by Lisa Schlarbaum, Director of Development
Does networking come easy to you or does it feel like hard work?
Does it make you uncomfortable or do you find yourself meeting new people in the oddest of situations?
I believe some of us are just natural networkers, but for some of us, it seems like a chore.
However, if you have a natural curiosity about people, places or things, you can learn to network. Not long ago, I spent an evening with friends, and by the end of the night I had met four new people that I connected with regarding my work at Hope House.
It started with an Uber driver, who happened to know my neighbors, and ended with a friend of my husband who wanted to make a work connection for me. What’s crazy is that I had no intention of meeting anyone other than the friends I was joining for a night out.
What I’ve found over the years is that sometimes just striking up a conversation, asking a few questions, and building rapport can lead to making a connection for something you are working on or someone important to you. If you do this often enough, you will be surprised at how you can turn random chance encounters into important contacts for your organization, friends, kids, or whatever you are passionate about!
Remember the Six Degrees of Separation theory? This theory asserts that all living things are six or fewer steps away from each other so that a chain of “friend of a friend” statements can be followed to connect any two people in a maximum of six steps.
Most of us who are networkers believe that we are literally just six people away from almost anyone. Remember the Six Degrees of Kevin Bacon game? It proves you can link almost anyone to Kevin Bacon through just six connections!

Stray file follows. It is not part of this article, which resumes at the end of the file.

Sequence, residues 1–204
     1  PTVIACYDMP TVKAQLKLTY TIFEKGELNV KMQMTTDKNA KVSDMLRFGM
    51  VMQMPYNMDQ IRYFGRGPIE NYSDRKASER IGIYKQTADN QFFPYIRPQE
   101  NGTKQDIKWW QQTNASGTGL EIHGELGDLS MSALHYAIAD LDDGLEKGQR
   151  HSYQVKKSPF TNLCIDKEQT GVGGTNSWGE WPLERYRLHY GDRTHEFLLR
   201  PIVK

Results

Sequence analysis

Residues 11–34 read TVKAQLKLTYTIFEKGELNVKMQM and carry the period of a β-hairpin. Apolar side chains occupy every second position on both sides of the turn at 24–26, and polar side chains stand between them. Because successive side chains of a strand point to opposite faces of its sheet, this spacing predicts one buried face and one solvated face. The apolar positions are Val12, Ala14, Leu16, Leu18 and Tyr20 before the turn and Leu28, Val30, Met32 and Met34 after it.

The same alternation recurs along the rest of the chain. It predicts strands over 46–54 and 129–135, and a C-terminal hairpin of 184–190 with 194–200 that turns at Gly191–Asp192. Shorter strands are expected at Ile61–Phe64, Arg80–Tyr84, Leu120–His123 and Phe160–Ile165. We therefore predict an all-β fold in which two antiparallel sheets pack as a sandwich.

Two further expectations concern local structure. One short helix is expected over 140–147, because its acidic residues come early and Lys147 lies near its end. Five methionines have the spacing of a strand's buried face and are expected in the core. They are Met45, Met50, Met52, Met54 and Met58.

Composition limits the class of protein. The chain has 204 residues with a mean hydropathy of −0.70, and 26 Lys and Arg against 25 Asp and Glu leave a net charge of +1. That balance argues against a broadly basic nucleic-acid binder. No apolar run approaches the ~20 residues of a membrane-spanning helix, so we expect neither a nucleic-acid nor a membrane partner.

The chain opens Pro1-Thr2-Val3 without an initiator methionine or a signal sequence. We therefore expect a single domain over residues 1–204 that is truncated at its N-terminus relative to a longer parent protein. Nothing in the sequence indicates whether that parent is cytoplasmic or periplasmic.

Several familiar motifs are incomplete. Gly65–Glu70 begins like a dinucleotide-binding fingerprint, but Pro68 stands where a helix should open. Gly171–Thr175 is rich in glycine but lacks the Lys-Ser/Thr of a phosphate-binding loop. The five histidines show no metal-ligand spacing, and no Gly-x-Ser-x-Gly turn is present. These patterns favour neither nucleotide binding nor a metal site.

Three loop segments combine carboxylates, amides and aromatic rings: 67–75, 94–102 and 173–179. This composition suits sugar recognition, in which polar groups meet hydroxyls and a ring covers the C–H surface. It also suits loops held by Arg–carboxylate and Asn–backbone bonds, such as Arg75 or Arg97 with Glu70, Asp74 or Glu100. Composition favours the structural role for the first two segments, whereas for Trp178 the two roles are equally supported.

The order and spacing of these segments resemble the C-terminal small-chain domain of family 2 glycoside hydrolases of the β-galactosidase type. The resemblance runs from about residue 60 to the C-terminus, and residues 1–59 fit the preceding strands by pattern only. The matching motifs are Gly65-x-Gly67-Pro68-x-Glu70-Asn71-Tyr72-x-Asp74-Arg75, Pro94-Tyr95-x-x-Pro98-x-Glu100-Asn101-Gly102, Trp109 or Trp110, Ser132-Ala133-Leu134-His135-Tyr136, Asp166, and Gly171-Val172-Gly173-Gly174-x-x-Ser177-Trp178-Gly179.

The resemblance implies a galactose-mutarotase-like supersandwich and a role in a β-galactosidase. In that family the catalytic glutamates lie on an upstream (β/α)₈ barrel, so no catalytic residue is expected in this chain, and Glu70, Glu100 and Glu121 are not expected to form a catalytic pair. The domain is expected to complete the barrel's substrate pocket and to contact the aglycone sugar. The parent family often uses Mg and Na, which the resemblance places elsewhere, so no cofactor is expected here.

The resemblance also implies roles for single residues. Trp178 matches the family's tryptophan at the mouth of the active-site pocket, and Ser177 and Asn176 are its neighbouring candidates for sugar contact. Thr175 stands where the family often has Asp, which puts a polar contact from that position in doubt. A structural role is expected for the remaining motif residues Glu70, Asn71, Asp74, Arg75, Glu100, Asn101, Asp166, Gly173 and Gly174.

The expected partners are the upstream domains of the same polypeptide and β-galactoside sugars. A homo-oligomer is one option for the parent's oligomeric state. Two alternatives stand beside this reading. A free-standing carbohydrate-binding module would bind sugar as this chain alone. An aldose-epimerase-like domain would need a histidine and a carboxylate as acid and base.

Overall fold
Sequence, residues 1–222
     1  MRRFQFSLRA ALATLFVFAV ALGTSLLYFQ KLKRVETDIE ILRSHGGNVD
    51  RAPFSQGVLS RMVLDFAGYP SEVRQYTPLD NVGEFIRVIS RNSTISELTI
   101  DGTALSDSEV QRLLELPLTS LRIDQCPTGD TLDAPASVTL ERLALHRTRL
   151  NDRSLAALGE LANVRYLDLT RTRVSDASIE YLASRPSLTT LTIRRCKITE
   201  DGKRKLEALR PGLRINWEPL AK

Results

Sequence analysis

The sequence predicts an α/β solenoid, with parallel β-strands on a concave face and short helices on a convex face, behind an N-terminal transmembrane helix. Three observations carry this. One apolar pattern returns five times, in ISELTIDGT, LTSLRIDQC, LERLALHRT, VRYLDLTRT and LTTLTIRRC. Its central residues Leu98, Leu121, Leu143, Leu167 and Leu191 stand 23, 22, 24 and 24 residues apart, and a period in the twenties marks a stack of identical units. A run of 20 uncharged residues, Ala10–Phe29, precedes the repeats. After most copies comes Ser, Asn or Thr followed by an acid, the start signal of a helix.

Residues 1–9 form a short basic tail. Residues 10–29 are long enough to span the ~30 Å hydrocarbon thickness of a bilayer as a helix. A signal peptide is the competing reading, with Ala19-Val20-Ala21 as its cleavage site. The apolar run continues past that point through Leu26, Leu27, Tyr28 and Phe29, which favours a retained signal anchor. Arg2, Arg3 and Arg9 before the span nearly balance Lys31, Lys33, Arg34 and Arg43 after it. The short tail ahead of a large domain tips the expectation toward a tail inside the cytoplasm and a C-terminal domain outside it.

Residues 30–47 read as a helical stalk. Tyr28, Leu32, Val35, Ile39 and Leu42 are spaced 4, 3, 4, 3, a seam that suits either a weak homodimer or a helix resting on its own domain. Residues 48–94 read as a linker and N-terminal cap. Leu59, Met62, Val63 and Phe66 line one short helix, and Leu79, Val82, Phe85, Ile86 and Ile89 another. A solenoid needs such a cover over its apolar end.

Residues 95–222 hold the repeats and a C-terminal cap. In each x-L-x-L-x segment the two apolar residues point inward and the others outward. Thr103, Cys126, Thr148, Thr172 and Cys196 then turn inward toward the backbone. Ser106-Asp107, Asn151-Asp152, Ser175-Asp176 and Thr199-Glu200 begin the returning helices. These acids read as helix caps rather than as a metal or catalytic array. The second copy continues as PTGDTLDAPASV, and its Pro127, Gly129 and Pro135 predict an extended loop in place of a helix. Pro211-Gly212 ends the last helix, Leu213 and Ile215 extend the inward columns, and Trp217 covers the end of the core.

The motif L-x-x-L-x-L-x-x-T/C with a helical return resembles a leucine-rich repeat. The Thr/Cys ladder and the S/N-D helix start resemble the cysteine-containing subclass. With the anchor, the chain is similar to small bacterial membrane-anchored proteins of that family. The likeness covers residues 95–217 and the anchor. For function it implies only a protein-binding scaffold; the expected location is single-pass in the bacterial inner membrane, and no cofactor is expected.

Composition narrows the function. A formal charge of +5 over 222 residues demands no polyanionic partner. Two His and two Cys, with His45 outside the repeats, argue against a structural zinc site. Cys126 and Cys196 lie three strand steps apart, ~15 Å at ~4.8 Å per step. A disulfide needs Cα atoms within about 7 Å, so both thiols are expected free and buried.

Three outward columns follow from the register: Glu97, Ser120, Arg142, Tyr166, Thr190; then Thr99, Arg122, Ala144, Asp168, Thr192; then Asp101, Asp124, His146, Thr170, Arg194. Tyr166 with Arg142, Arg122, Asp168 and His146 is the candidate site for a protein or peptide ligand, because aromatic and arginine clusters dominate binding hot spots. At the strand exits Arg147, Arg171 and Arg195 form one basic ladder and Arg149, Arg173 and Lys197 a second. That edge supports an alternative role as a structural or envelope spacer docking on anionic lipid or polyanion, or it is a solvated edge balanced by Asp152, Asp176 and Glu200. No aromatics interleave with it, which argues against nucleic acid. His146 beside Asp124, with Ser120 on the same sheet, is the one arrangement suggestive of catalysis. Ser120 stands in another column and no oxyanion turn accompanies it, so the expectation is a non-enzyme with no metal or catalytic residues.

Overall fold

How do you make this theory work for you? Forget everything your mother ever told you! Make eye contact, talk to strangers, be yourself — or become your outgoing extrovert self and ask that stranger if they’ve had the skinny mocha Frappuccino. Was that a good book? Is this seat taken? Ask questions until you make that connection — and then keep going.
I do believe you can teach yourself this skill.
I was a quiet, shy child. My mother would tell you she never dreamed I would have a career in sales since that involved being an extrovert! I would like to challenge you to say, “I am going to strike up a conversation with someone I don’t know tomorrow.” I guarantee that if you get in this habit, you will gain new connections.
Nearly everyone likes to talk about themselves or something that they are interested in, and your goal is to figure out what they are interested in and make that connection… and then connect them to your work at your nonprofit organization.
The results can be exciting. Just this past week I connected one of our teen moms to a former board member so she could learn more about the real estate industry. I connected another young mom to my husband’s company for a potential job interview. Then I ran into a friend who offered some gently used Apple computers to donate to two of our teen moms who are about to start college.
You never know whose life can be changed by that new connection you are going to make tomorrow! What are you waiting for?